Regardless of these divisions, what is common between all the varieties of MA is that they all share a degree of mutual intelligibility and they form what Bloomfield (1933, 51) referred to as a dialect continuum or dialect area.
In addition to all these varieties of MA, many linguists postulate the existence of another spoken variety that is also neither codified nor standardised. This variety is inluenced by CA, MSA and MA since its grammar is the same as MA while its lexicon and vocabulary is a mixture of the three languages.
While this variety is commonly mentionned by Moroccan linguists, it is labelled differently using different terms and appelations. For instance Youssi (1986) refers to it as Median Moroccan Arabic:
“ L’arabe médian, […] constitue une variété hybride empruntant grosso modo à l’arabe standard son lexique et à l’arabe dialectal sa morphologie et sa phonologie, l’arabe dialectal ici étant fondamentalement le variété citadine dipourvue des marques idiosyncrasiques ”
On the other hand, Ennaji (2005: 50) labels it as Educated Spoken Arabic and defines it as: “… a polished and polite form of MA whose lexicon is affected by that of standard Arabic.” Furthermore, following Furguson’s description of diaglossia, Ennaji (ibid.) argues that in addition to the high variety (CA) and the low variety (MA), there are other varieties in between. First, the presence of MSA which is used in different domains more than CA results in a situation of triaglossia. Besides, with the addition of ESA between MSA and MA, the result will be a form of “Quadriglossia” represented in the following diagram:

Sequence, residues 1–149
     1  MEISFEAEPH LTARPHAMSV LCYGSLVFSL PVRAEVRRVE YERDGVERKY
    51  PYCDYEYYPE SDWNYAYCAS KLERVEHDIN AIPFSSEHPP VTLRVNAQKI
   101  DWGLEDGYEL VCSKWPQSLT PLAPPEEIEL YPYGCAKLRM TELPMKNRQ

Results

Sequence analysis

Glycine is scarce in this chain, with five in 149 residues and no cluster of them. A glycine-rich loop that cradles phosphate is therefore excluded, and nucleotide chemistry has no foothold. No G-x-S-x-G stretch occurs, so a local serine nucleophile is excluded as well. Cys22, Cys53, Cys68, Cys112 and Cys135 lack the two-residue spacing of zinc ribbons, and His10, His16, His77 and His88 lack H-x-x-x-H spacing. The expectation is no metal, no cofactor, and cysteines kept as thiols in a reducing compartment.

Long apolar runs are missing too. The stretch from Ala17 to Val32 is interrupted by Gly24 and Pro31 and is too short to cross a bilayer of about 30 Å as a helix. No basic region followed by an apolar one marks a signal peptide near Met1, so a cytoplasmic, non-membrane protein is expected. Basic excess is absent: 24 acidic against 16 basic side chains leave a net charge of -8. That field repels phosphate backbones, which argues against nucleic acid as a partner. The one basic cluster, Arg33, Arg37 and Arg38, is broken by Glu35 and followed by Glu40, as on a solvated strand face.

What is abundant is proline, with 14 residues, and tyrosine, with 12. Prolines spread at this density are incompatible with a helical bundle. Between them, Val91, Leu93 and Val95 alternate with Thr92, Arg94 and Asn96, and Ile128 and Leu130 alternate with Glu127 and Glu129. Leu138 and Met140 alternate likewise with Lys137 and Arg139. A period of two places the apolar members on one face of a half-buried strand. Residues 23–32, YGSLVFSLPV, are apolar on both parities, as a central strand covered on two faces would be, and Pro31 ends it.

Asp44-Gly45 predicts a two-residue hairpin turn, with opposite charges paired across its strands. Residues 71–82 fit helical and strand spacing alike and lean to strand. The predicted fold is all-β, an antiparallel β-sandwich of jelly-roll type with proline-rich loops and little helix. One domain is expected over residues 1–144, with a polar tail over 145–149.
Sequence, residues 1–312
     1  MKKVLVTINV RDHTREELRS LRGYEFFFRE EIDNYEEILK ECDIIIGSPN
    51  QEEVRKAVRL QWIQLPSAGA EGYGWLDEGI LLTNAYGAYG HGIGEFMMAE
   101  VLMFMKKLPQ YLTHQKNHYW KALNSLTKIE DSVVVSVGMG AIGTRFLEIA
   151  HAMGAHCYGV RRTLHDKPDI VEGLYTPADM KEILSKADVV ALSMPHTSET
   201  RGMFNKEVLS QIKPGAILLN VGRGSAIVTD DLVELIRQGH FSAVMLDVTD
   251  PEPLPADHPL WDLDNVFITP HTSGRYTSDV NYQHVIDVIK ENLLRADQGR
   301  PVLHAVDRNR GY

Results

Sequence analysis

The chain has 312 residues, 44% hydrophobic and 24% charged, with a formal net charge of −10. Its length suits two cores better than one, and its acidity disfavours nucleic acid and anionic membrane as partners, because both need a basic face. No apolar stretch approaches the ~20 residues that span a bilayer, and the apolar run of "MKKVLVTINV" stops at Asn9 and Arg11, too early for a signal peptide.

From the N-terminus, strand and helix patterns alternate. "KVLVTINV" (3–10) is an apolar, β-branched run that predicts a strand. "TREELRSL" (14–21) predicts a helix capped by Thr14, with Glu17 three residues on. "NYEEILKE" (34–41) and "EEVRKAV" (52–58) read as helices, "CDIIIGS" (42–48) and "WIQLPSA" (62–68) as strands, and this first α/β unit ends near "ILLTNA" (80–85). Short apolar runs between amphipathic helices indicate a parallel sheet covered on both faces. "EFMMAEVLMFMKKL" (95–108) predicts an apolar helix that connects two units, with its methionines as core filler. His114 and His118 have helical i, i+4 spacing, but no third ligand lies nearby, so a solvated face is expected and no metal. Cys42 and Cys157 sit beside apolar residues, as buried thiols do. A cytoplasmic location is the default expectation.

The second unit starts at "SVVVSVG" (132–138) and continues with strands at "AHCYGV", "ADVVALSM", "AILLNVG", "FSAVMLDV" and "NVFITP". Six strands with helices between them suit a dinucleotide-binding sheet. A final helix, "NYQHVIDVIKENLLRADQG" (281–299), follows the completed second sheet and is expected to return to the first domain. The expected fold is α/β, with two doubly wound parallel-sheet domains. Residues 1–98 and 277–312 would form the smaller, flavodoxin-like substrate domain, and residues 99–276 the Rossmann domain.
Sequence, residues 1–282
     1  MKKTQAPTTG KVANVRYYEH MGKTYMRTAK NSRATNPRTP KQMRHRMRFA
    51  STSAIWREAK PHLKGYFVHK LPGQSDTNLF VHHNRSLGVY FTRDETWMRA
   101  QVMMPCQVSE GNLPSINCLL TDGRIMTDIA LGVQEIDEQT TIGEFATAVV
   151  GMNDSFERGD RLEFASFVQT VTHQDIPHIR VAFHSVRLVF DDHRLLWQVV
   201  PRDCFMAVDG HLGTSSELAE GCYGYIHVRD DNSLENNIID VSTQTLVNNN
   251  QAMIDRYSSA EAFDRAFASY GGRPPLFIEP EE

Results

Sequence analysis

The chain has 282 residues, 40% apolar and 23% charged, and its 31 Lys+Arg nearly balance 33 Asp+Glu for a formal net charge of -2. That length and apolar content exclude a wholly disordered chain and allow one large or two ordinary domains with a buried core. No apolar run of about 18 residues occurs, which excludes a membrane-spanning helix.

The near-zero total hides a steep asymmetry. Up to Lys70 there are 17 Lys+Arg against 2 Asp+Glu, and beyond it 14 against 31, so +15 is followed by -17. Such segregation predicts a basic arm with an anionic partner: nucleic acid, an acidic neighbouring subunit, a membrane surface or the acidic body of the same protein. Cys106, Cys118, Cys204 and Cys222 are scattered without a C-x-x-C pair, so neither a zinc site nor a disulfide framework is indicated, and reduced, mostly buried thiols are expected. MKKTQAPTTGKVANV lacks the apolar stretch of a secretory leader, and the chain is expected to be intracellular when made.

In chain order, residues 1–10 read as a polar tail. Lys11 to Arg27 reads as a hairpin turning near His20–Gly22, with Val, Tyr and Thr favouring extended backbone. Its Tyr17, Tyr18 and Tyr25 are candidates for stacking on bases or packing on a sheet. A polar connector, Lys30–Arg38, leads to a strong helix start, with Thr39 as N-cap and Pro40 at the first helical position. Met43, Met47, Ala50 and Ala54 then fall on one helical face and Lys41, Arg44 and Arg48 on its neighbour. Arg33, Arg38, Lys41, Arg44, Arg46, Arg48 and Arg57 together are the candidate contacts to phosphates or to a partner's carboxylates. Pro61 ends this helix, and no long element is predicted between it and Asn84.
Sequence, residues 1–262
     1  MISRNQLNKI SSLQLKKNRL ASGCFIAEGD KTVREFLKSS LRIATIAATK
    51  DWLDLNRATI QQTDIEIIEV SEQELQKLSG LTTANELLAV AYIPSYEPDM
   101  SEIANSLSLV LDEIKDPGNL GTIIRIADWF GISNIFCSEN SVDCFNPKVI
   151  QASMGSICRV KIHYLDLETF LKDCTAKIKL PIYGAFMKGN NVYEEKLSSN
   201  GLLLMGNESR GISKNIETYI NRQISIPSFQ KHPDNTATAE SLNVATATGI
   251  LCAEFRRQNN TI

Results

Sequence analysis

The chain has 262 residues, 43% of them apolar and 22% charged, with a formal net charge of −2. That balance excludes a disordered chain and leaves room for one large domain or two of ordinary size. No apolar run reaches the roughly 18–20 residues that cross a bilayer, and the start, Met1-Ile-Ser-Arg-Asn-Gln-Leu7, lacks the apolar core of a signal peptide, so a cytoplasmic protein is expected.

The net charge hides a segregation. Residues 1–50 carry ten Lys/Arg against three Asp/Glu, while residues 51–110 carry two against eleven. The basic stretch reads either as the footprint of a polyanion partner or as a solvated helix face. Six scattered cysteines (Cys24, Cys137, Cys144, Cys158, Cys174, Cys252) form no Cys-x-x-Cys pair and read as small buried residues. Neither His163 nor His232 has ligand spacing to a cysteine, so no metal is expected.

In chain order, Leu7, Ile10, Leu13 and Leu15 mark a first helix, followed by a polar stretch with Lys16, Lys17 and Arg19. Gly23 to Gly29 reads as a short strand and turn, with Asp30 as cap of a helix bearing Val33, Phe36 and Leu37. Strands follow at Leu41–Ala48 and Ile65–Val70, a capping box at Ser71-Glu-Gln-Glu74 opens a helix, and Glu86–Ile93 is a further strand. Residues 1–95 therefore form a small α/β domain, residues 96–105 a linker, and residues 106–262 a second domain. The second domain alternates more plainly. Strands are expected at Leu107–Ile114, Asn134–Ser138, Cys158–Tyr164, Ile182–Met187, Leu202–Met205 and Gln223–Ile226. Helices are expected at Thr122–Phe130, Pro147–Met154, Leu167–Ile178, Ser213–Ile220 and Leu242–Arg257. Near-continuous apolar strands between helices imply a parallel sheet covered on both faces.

It should be evident that the Moroccan linguistic situation is characterized by both diversity and complexity. The competition between mother tongues, on the one hand, and foreign languages on the other results in different linguistic phenomena (Bilinguialism/Multilingualism, Diaglossia/Triglossia/Quadriglossia, Code-switching/Borrowing) and also contributes to the linguistic change of varieties and the emergence of new ones.
 “Arabic is [demeure] the official language of the State.
The State works for the protection and for the development of the Arabic language, as well as the
promotion of its use” Morocco’s Constitution of 2011, Article 5
Bloomfield, L. (1933). Language. New York: Henry Holt.
Boukous, A. (1998) La situation sociolinguistique au Maroc. In Plurilinguismes (Le Maroc) 16, pp. 5-30. Centre d’Etudes et de Recherches en Planification Linguistique, Paris.
Ennaji, M. (2005). Multilingualism, Cultural Identity and Education in Morocco. Springer: University of Fés, Morocco
Ferguson, C. (1959). Diaglossia. In Word 15, pp. 325-340.
Morocco’s Constitution of 2011. Retrieved from : http://www.constituteproject.org
Sadiqi, F. (2005). The Gendered Use of Arabic and other Languages in Morocco. In E. Benmamoun, Perspectives on Arabic Linguistics XIX (pp. 277-299). Urbana, Illinois: John Benjamins.
Sadiqi, F. (2006). The Language Situation in Morocco. Encyclopedia of Language and Lingusitics.
Youssi, A. (1986). L’arabe marocain médian. Analyse fonctionnaliste des rapports syntaxiques. Thèse d’état. Université de Sorbonne Nouvelle, Paris III.
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Abdessamad Saidi is a Master student at the faculty of Letters & Humanities in Rabat’s Mohammed V University. He earned his Bachelor’s degree in Linguistics from the same university. His main interests revolve around: linguistics, computer science, and media.